Parsing Propaganda

Tue, 2005-12-06 14:45Jim Hoggan
Jim Hoggan's picture

Parsing Propaganda

Philip Young, a senior lecturer in Journalism and Public Relations at the University of Sunderland, says on his blog:  

“One of my favourite questions when teaching PR ethics is to try and establish whether or not an ethical PR practitioner can represent the Flat Earth Society (I would argue that there is no easy answer to this question)? Jim Hoggan tackles a rather more serious version of the debate in this interesting post, Clearing the air on climate change (thanks, Trevor).

“He begins his post by stating ‘There is a line between PR and propaganda - or there should be.’ It is an interesting post - but not one that actually locates this rather elusive line…  “

Quite so: it is an elusive line. Wikipedia is a little bit helpful, defining propaganda without actually differentiating it from public relations. But here’s the line from Wiki that is most relevant: “… the message does not have to be untrue to qualify as propaganda, but it may omit so many pertinent truths that it becomes highly misleading.”

This is certainly the case among the climate science deniers. Perversely, I have to acknowledge that these people can “mislead” without lying (although it would be too charitable by far to suggest there are no liars among them). Many of the participants in this debate are so ideologically driven or so wilfully blinded by their own self-interest that they may, in fact, believe in the narrow arguments they mount.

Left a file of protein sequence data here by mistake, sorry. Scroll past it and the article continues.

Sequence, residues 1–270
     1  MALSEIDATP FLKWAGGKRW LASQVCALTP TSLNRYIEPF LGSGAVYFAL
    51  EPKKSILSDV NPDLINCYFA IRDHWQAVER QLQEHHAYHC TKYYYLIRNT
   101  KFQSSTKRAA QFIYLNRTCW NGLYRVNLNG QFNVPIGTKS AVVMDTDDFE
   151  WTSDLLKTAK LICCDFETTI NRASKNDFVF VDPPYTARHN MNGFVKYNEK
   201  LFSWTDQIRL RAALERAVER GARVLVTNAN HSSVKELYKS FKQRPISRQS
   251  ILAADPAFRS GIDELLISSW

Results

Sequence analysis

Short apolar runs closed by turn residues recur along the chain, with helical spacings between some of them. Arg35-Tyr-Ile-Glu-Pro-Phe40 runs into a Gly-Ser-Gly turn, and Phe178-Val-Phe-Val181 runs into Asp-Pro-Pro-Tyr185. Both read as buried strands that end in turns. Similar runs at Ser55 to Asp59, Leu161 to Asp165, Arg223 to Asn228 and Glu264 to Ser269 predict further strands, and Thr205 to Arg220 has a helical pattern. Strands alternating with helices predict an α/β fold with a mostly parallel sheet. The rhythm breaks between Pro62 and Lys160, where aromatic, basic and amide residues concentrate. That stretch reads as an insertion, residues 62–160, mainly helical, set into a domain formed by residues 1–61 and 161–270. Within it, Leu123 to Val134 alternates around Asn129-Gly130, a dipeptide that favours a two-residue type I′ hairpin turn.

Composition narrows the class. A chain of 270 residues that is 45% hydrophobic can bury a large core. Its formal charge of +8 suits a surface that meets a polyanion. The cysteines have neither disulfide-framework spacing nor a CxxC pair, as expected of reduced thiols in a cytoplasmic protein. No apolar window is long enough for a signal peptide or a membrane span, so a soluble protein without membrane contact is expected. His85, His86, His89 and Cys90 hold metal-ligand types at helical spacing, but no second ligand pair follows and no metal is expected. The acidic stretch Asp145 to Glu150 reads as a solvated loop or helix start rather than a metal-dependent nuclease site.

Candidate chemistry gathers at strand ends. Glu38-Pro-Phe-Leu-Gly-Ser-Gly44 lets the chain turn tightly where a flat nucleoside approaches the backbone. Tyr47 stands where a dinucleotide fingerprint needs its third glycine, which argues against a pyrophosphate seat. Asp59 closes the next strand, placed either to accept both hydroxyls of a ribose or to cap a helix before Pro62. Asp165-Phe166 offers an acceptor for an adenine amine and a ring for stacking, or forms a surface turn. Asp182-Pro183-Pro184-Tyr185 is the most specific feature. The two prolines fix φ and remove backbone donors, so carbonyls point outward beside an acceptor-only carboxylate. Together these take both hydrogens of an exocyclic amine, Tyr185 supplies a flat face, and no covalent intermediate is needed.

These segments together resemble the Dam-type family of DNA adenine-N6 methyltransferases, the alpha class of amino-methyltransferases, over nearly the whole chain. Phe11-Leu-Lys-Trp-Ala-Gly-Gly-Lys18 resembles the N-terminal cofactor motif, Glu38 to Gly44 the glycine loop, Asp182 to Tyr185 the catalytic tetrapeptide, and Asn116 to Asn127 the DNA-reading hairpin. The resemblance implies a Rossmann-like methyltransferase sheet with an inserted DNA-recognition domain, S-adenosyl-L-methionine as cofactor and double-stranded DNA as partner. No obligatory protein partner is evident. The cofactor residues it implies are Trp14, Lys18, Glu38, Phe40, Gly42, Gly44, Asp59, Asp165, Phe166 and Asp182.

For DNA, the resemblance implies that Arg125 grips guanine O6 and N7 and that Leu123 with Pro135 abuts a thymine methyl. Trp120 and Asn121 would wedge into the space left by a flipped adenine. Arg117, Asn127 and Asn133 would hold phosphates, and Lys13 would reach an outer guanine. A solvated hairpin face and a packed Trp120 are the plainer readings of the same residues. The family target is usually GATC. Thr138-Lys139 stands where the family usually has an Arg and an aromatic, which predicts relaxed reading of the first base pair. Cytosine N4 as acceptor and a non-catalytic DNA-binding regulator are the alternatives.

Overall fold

As to the ethical question, the Canadian Public Relations Society’s Code of Professional Ethics states: “A member shall practice the highest standards of honesty, accuracy, integrity and truth, and shall not knowingly disseminate false or misleading information.
Members shall not make extravagant claims or unfair comparisons, nor assume credit for ideas and words not their own. Members shall not engage in professional or personal conduct that will bring discredit to themselves, the Society or the practice of public relations.”

The line “shall not knowingly disseminate false or misleading information” can excuse a lot of sins. But I’d argue any day that the people who are muddling the message on climate change are bringing “discredit to themselves, the Society (and) the practice of public relations.”